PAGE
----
But this too will not be enough. Bankers and politicians still lack an exit strategy from the awkward position in which they find themselves. Six giant banks currently control 75% of America’s $14 trillion in banking assets. As Ben Bernanke, the Fed’s chairman acknowledged this autumn: “We have developed… a very serious too-big-to-fail problem.” These institutions are betting that the US government will not let them fail if they get into further trouble. And investors assume that the government will find further billions to bail them out because the alternative could bring down the entire system. 

The great economic thinkers of the 20th Century Keynes and Galbraith knew that left to their own devices, the bankers and financiers would bring the roof in on the whole system. Banking as we have known it has totally failed and must be replaced by a new and preferably more democratically structured global format. 

In the computer age, the control of capital could be managed with the efficiency which groups like VISA and MC run in their global debt servicing businesses. Some economists believe that nationalizing all banks would be a true recognition of what is already happening: governments in Washington and London and the European capitals are swiftly becoming the largest shareholders and players in the financial system. The state is already the only one that can print money and its handling of government securities is larger than that of any bank. In the long-run, such nationalization would be far less expensive than trillion dollar and hundreds of billions of pounds sterling or euro payouts.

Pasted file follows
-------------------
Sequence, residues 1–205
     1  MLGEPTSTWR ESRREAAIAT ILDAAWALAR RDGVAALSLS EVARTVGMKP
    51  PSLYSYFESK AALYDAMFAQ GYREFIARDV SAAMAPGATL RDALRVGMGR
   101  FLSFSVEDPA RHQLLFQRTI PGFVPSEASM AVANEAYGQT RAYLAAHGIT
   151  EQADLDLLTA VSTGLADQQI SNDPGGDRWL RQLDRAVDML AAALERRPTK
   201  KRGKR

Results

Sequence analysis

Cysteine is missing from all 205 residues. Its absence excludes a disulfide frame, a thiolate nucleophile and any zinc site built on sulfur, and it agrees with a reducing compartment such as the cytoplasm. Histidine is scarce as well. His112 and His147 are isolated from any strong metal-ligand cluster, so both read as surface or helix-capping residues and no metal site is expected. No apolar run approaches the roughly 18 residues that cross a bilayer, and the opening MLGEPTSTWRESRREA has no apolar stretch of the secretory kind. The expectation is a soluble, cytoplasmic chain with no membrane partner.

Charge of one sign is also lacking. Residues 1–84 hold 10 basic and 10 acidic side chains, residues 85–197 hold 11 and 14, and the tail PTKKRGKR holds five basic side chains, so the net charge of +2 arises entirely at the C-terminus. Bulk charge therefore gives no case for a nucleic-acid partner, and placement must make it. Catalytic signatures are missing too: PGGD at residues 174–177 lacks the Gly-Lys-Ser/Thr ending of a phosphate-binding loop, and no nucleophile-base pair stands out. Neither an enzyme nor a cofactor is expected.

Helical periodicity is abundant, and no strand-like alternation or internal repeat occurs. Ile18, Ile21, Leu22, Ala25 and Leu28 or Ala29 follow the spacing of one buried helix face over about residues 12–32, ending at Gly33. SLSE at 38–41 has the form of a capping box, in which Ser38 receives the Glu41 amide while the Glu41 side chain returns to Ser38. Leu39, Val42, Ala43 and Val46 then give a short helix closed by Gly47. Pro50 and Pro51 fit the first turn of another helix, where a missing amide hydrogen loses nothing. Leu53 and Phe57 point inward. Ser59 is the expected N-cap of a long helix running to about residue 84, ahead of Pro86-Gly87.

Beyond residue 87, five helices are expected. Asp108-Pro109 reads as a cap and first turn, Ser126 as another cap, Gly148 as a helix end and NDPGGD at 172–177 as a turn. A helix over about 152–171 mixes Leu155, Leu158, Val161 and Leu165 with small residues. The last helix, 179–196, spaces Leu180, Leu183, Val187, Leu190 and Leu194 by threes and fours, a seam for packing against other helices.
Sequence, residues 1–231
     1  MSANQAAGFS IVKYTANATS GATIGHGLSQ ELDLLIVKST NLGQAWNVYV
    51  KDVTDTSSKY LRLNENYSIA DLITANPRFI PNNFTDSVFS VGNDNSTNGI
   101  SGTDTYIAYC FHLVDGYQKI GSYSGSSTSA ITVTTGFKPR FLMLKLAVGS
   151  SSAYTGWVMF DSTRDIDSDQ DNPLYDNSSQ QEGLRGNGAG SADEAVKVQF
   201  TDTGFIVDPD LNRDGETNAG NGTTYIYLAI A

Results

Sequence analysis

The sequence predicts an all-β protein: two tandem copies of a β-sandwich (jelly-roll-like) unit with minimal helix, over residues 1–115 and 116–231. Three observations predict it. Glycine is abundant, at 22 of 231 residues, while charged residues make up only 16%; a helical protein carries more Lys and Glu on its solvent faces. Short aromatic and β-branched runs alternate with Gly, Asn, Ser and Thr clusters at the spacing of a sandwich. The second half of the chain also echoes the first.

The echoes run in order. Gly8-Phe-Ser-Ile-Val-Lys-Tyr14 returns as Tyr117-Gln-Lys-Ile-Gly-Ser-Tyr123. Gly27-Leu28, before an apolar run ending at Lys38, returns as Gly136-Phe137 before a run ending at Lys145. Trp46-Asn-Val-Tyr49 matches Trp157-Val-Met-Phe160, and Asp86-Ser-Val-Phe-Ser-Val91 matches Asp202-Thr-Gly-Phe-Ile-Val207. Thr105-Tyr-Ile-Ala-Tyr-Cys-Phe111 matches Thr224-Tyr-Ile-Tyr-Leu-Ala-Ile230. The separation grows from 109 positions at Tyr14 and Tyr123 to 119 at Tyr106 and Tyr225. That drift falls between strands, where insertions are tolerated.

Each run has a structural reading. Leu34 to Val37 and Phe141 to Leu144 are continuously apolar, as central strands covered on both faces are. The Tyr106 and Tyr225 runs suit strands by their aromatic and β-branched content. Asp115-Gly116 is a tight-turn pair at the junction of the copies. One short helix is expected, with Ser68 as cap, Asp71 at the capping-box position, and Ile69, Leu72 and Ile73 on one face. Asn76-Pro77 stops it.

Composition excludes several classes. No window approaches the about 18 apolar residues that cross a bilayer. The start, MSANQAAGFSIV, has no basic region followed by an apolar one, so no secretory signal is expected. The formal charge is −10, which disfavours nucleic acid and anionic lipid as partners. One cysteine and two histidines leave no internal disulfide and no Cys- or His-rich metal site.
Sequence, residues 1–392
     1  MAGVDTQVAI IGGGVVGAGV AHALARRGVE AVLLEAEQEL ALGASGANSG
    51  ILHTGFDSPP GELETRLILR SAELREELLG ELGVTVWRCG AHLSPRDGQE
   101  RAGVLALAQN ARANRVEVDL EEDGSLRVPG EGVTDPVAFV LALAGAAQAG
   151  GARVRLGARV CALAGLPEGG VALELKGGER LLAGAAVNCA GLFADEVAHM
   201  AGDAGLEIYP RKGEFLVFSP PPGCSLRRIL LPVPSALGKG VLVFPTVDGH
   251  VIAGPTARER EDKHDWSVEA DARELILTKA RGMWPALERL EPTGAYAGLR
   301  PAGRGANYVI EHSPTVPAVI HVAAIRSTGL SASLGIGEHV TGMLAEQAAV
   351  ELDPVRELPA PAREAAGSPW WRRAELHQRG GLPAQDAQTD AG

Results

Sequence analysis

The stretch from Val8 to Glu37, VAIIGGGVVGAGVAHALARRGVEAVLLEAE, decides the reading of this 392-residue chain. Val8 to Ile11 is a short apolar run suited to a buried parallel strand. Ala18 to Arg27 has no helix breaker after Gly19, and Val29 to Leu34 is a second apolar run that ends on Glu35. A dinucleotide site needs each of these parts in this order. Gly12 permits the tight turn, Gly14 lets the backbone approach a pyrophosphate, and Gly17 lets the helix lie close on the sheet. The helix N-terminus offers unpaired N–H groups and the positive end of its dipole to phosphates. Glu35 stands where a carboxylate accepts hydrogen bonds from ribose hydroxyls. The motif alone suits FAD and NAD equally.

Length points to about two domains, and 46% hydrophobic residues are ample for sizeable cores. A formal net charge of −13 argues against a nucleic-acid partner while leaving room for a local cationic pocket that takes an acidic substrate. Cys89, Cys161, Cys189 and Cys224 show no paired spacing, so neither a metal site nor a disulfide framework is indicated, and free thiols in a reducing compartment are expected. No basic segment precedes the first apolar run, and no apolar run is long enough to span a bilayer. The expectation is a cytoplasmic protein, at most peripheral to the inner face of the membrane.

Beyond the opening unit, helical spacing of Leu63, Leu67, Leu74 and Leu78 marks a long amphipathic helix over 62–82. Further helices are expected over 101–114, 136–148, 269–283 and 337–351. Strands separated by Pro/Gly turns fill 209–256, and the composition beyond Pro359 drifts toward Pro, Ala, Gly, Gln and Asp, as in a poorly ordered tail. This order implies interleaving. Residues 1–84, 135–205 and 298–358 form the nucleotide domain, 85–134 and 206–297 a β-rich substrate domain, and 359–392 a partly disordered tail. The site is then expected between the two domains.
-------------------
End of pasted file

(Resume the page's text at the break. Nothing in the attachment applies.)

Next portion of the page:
A WFO (World Financial Organization)
What is called for in this global economic crisis is an entirely new economic order.

The world is already facing a huge gap between a global system for economics and a generally fractured state system in politics. Two generations ago at Bretton Woods the world leaders were forced to confront a similarly critical situation facing a post WW II economy. The new financial architecture of the time involved the creation of the IMF and the World Bank. 

Keynes had envisioned a supernational bank in which trading accounts would not be settled in gold but in a kind of overdraft facility structured around each nation’s share of world trade. He was defeated on this with tragic results for the global economy. Today we need an institution of this scale but based on far more democratic principles than those dictated by the U.S. in 1944.  

After Bretton Woods all currencies were pegged against the dollar and could fluctuate narrowly within a set parity. More important, the dollar could be exchanged for gold. Acting on behalf of Washington, the IMF imposed conditions on third world countries that America would never have tolerated for itself. The IMF insisted on reducing government spending on everything except debt repayments, in impoverished countries seeking aid. It also demanded the privatization of all national assets which could be sold to foreign investors. Things started to turn around in unexpected ways when Nixon took the dollar off the gold standard in 1971. This allowed the U.S. to become the world’s largest debtor as the IMF insisted that foreign exchange reserves maintained by other nations be in dollars. Brazil’s President Lula pointed out this fall that those who bear the heaviest burden for the collapse of the global economy are those who were least responsible, and that the one who benefited most from this absurd global financial system was the US.